• Founder-owned, bootstrapped DNA: While there is more early-stage venture capital entering the market, the majority of gov tech companies started out as founder-owned businesses that were bootstrapped (i.e. not heavily funded with institutional capital), investing only the profits they generated every year and creating an operating mindset characterized by discipline and efficiency where every dollar matters. Most of the gov tech companies we have seen, regardless of scale, are either breaking even or making money — efficient, profitable operations are part of the DNA of this market.
  • Profitable, “lean” business models: Most gov tech companies turn a profit and do so early on because they run relatively “lean” from a cost perspective. First, gov tech companies generally do not over-invest in sales and marketing because there are practical limits to how fast they can efficiently grow, in large part due to the longer sales cycles endemic to the market. As an example, the largest gov tech companies spend 15 percent to 20 percent of their revenues on sales and marketing, vs. 40+ percent of revenues for their counterparts in private sector, based on our internal analysis. In addition, gov tech companies are found across the nation, typically not concentrated in the high-cost coastal cities where personnel and overhead costs are materially higher, keeping development and G&A costs much lower than other tech companies. When paired with high recurring revenue and high gross margins, it’s a recipe for great profitability. And profitability is imperative to help weather the storm in times of economic uncertainty.

More simply put, it is a market landscape of companies that balance growth and profitability with better-than-average customer and employee loyalty that underpins their business. It’s not a market awash with war chests of “grow at any cost” capital trying to scale rapidly. This translates to gov tech as a category having the metrics and cash flow to weather the storm, and, although growth may slow in an economic downturn, most operators and investors can sleep soundly at night knowing customers will not start leaving en masse (in contrast to what tech companies in the private sector may experience).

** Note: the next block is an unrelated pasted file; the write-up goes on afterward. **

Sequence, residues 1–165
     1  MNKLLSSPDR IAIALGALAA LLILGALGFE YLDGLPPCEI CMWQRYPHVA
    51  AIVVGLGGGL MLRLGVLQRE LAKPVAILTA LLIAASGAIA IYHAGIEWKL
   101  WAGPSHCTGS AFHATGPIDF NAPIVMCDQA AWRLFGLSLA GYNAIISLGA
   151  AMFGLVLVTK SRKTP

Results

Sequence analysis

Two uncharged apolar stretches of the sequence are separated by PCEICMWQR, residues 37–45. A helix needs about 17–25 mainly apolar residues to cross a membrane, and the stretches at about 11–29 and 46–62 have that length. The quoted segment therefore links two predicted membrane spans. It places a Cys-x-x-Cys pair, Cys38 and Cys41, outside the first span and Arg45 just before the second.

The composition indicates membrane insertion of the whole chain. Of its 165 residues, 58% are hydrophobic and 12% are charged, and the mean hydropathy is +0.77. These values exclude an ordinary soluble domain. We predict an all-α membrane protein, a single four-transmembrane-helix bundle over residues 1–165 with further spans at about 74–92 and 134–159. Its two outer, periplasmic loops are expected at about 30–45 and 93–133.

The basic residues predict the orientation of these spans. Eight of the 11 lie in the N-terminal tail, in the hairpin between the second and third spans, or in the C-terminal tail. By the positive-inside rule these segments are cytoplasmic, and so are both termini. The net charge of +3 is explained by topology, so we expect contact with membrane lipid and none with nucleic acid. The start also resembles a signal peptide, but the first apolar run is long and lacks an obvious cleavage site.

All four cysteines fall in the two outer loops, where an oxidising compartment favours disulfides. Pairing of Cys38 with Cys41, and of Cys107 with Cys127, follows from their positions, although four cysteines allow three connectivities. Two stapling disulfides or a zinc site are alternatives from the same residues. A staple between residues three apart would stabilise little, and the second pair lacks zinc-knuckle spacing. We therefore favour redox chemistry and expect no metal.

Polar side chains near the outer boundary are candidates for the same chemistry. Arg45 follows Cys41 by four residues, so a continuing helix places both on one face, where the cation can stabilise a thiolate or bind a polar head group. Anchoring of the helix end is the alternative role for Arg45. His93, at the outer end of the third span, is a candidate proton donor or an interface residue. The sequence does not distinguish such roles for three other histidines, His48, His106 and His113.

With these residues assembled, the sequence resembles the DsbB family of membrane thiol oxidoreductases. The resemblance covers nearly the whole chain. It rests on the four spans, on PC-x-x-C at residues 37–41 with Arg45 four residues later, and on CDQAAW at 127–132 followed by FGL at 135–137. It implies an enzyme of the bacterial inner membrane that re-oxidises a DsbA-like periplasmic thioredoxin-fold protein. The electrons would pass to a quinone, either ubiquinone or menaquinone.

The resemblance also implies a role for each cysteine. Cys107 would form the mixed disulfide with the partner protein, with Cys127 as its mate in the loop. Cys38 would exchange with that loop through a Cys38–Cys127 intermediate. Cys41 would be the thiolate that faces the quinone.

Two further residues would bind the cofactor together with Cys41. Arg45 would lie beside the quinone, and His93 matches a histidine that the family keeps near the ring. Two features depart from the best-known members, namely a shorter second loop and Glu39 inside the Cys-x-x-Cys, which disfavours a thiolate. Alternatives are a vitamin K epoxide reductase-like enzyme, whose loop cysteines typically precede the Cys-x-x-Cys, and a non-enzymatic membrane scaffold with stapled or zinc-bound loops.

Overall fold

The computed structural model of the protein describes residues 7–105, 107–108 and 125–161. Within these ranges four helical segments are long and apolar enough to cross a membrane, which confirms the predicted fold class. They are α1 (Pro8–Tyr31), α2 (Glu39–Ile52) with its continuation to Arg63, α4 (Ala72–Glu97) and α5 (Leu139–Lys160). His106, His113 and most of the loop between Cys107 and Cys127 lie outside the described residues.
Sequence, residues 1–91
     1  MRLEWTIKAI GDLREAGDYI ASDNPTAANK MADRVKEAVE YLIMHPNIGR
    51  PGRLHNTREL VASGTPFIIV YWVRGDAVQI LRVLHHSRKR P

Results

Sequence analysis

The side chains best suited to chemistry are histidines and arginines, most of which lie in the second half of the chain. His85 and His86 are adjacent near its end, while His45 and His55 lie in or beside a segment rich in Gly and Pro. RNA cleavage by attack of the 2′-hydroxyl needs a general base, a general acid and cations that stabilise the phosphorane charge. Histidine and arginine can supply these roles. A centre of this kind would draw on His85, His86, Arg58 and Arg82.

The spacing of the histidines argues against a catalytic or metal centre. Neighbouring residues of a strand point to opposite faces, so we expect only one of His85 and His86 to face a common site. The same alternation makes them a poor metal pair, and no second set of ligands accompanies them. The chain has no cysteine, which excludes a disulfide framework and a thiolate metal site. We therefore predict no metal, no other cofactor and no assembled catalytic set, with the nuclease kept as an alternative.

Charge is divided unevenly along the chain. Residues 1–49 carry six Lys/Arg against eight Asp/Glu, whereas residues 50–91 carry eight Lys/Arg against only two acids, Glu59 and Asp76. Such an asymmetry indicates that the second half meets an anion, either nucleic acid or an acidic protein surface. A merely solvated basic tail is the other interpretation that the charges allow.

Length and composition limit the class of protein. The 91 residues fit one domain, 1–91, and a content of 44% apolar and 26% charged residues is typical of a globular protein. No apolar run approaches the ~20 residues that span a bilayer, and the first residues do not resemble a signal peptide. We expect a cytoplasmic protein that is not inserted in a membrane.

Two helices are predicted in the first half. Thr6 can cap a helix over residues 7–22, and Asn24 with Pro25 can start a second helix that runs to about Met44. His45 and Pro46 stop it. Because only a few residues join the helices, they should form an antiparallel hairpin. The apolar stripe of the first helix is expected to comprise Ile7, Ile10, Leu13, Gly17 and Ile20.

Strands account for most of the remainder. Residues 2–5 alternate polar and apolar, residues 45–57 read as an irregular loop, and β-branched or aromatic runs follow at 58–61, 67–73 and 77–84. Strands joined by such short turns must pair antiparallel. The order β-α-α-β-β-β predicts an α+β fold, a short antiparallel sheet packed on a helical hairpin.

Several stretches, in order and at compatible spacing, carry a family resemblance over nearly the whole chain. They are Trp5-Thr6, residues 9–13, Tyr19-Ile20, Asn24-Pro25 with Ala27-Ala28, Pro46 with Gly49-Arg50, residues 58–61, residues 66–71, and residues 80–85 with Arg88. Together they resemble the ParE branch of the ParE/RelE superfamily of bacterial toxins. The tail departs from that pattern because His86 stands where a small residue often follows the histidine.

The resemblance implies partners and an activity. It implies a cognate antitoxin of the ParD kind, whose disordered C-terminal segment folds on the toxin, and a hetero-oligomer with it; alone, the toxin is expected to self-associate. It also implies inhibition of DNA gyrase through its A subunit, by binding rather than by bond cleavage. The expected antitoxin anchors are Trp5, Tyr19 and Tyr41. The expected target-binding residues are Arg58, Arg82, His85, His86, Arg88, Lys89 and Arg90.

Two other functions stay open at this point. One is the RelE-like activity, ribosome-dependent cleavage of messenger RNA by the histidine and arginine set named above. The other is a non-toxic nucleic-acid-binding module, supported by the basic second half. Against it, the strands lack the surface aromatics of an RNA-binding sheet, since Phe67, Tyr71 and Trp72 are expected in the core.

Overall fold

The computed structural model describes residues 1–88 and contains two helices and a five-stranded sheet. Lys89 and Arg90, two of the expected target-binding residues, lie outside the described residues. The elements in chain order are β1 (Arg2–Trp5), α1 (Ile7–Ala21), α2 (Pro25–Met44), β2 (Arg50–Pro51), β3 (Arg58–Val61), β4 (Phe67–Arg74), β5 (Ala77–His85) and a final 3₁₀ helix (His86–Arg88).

The other reason that activity has and will continue in the gov tech category is the interest and influence of private equity on the gov tech market. Private equity firms have $1.8 trillion that has been raised and needs to be invested — their capital has a countdown timer and needs to be put to work. In times of economic uncertainty, there is less appetite for risk, and so capital gravitates toward the sectors and companies that are predictable and have a lower-risk profile — gov tech.

We are seeing this firsthand — we have heard from more investors than ever who are actively looking to invest in the gov tech market this year versus in past years, and the rate of participation of private equity in our processes is as strong as ever. This likely will be a continued catalyst for new standalone investments, as well as strategic activity, given many of the largest gov tech businesses are backed by private equity. And this is not to suggest that gov tech will see no impact, as the cost and availability of debt and the trickle-down effect of public market valuations into private markets are market forces that we watch intently, but overall we remain bullish and enthusiastic about the activity in the coming quarters.
Jeff Cook is a managing director at Shea & Co., an investment bank that has advised in more than 20 gov tech deals (investments and exits) in the past 5 years.